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Cisco patches yet another Data Centre Network Manager vuln
Monday, 03 September 2018 22:21

Cisco has coughed to its Data Centre Network Manager (DCNM) software having a rather unpleasant vulnerability – but there's a patch for it.

The vuln allows a logged-in attacker to gain access to sensitive files on a targeted system. Cisco described the flaw as being down to "improper validation of user requests within the management interface".

In plain English, enterprises running older versions of DCNM – prior to version 11.0(1) – are vulnerable to the attack, in which a malicious person could send requests containing directory traversal "character sequences", fooling the target server into returning the contents of file directories

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Oz carrier Vocus rushes cable into service following SMW-3 break
Wednesday, 05 September 2018 10:53

In response to another – yet another – failure on the SeaMeWe-3 submarine cable, Australian telco Vocus has lit up its ASC submarine cable ahead of schedule.

Vocus reported the fault at 9.34 am Australian Eastern Standard Time yesterday and, on investigation, identified the problem as a break around 1.2 km from the Tuas, Singapore cable station.

Since cable repairs can take up to a month to complete, Vocus this morning decided to light up its Australia-Singapore Cable (ASC) early and start migrating customer traffic to the new route.

The company had previously announced September 14 as the cable's ready-for-service

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Strewth! Aussie ISP gets eye-watering IPv4 bill, shifts to IPv6 addresses
Wednesday, 05 September 2018 07:18

For years, internet engineers have predicted that the cost of an ever-smaller pool of IPv4 addresses would cause people to shift to the internet's new IPv6 protocol. Well, it finally appears to be happening.

Speaking at the annual conference of Australian Network Operators late last week, the managing director of ISP Aussie Broadband, Phillip Britt, told attendees that his company had decided to speed up IPv6 adoption after it calculated the growing cost of sticking with IPv4.

"The high cost of IPv4 space led to us speeding up our IPv6 project," Britt noted in his presentation [PDF], "and we are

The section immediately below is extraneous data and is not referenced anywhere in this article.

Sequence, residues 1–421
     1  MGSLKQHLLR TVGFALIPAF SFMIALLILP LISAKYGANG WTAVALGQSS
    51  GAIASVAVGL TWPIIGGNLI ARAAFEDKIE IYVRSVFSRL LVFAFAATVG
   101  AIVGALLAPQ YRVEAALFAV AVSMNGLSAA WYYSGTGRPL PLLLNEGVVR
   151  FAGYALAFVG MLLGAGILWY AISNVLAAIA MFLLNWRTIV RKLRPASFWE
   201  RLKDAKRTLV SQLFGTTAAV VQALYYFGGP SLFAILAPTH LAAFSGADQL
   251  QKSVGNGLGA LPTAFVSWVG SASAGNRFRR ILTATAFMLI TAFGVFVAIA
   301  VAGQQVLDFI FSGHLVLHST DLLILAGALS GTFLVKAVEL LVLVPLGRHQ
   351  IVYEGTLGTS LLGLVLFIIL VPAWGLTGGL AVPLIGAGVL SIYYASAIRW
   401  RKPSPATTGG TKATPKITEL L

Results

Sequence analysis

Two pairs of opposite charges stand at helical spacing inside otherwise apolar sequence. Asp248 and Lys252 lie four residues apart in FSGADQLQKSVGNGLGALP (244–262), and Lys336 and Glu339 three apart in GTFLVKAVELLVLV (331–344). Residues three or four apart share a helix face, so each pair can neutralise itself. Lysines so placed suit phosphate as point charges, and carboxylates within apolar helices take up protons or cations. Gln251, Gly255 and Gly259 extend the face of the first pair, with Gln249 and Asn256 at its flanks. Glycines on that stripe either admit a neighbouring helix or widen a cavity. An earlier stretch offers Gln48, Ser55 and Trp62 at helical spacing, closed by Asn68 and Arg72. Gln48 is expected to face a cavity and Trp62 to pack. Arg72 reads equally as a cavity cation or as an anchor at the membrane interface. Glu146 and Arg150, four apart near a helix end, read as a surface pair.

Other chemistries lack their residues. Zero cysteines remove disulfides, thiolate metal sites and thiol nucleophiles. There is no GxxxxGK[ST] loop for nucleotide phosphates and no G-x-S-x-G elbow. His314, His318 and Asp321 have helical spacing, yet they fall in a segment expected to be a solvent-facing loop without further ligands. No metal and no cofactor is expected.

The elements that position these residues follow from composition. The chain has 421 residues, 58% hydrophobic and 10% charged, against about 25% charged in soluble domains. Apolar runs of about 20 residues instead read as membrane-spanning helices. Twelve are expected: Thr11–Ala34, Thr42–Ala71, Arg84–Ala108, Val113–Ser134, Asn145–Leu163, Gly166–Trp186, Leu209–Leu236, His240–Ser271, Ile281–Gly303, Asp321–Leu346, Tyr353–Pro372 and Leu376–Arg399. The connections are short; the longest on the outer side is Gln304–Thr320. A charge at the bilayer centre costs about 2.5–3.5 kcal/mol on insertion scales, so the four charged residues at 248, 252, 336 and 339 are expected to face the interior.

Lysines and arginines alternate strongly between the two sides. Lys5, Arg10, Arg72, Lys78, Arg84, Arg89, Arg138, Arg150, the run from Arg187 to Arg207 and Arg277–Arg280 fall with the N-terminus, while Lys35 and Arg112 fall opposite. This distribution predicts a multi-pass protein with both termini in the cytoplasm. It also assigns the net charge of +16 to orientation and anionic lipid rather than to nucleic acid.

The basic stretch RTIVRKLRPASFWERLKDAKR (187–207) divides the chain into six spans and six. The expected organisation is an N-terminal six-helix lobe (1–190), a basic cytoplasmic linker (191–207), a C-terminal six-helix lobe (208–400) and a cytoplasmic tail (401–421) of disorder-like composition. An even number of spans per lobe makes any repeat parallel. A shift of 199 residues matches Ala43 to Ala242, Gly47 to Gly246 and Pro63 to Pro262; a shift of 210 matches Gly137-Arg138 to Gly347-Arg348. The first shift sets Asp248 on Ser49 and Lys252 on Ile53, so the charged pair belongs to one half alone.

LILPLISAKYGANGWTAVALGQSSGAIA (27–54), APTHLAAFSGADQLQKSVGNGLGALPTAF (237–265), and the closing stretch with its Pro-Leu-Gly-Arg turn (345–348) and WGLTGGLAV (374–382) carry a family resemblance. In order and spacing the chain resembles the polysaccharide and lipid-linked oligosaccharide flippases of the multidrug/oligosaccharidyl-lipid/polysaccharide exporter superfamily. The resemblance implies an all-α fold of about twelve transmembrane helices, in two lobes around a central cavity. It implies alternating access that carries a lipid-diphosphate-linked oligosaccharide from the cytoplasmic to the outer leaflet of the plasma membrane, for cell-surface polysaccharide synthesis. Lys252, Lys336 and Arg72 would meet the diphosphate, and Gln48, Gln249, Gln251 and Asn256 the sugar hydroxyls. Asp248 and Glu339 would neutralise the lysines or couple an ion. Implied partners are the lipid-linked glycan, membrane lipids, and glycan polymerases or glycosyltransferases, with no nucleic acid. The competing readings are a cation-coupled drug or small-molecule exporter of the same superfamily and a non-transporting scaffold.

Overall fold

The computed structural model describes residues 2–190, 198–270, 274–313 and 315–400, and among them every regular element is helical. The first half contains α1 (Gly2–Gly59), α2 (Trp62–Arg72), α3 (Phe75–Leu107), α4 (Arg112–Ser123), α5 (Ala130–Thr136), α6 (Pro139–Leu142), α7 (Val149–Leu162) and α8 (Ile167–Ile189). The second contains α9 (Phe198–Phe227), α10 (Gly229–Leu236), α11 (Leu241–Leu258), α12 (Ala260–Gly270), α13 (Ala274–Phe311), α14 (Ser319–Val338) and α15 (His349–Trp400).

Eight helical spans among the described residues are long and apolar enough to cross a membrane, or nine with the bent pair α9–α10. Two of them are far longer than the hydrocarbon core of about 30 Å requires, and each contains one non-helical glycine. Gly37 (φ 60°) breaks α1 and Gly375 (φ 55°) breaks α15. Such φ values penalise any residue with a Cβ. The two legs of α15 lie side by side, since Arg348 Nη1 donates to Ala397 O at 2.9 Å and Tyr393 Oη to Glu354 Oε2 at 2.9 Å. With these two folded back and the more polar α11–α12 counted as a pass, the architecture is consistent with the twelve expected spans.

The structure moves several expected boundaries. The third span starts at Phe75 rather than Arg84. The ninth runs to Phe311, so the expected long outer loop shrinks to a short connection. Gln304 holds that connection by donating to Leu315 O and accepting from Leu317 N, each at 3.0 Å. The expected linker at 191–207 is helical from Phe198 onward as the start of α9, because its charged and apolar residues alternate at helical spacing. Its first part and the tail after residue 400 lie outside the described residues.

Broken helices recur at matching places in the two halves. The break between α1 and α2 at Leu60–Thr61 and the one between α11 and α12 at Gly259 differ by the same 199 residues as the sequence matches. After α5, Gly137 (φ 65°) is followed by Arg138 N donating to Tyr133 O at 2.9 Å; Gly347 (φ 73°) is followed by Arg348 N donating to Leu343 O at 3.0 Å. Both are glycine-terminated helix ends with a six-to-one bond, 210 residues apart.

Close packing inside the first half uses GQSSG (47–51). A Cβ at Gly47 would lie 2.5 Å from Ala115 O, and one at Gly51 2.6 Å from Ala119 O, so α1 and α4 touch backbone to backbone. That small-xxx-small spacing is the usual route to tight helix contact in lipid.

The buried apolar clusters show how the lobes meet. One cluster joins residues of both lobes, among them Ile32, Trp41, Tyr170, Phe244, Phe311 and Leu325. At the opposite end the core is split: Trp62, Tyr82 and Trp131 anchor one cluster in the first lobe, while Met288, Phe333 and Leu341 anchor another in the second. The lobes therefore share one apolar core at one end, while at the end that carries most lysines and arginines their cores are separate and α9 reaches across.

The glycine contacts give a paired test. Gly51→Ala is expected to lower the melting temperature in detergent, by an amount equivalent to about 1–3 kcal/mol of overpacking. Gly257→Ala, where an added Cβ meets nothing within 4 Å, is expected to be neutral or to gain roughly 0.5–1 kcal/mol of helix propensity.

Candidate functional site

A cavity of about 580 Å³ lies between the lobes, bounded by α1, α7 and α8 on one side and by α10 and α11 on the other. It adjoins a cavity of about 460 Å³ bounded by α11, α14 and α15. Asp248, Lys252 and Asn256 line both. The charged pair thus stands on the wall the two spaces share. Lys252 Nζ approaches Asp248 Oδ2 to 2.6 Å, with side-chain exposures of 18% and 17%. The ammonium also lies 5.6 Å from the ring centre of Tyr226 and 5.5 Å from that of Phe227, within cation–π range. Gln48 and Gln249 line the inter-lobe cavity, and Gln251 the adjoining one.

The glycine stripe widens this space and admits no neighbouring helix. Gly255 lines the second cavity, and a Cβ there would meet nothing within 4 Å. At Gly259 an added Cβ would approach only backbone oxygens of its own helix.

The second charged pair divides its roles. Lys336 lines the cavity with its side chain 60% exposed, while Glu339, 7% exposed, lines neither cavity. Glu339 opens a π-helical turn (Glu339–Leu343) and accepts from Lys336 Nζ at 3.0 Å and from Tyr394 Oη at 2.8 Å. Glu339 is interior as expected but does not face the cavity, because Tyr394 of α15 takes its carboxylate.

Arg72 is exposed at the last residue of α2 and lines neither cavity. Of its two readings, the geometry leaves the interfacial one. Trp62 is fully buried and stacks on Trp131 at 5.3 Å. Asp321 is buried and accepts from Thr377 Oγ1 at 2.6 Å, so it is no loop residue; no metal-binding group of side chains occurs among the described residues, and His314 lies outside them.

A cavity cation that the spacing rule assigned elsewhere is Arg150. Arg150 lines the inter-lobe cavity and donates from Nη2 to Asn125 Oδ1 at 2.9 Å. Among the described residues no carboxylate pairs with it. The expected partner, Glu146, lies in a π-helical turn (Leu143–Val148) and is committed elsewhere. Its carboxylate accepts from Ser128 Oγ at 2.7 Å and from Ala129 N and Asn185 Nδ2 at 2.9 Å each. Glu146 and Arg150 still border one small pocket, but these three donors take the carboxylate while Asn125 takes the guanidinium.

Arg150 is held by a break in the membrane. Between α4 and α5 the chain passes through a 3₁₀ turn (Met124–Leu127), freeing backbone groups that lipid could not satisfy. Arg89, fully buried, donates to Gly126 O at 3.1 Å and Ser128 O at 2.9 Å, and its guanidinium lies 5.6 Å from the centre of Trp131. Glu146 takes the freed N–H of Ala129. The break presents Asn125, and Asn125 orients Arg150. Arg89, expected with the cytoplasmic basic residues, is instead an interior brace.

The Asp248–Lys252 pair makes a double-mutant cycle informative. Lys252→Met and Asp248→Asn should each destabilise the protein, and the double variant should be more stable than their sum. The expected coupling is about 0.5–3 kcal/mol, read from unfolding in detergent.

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5G can help us spy on West Midlands with AI CCTV, giggles UK.gov
Tuesday, 04 September 2018 22:53
reddit

We use this picture not to titillate but in the vain hope someone might realise we've reached the bottom of the slippery slope

The West Midlands is to become the first UK urban 5G testbed area at a cost of up to £50m – with one use for the new tech being China-style AI-powered CCTV cameras with automated facial recognition, according to the government.

The Urban Connected Communities Project, UK.gov-speak for "the latest wheeze we're tipping cash into", is tasked by the Department for Digital, Culture, Media and Sport (aka Minifun) with trialling 5G, which is the latest global spec

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BT scoops Home Counties chunk of new NHS IT contract
Tuesday, 04 September 2018 00:53

BT has won a five-year contract to supply comms and IT services to various chunks of the NHS.

BT reckoned the deal will help medics get themselves and their patients' data on the cloud, and then to "access patient data securely over high-bandwidth digital connections".

The Health and Social Care Network (HSCN) contract covers 24 NHS Trusts and Clinical Commissioning Groups, mostly based across the Home Counties and including Oxfordshire, Buckinghamshire, Berkshire, Sussex and Kent, among others.

"Trusts and CCGs will be able to choose the connections best suited to meet the needs of their patients as they update their

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Make BGP great again, er, no, for the first time: NIST backs internet route security brainwave
Thursday, 06 September 2018 14:07

A proposal for securing BGP – the protocol that lays out the traffic pathways of the internet – has a another backer: NIST, aka America's National Institute for Standards and Technology.

The US government agency has issued a discussion paper outlining the use of Route Origin Validation ( ROV ) to protect the notoriously all-too-trusting Border Gateway Protocol ( BGP ) from route hijacking .

BGP, in a nutshell, allows the patchwork of large networks that make up the global internet announce to each other how to thread everyone's connections through mazes of machines crisscrossing the planet until they reach

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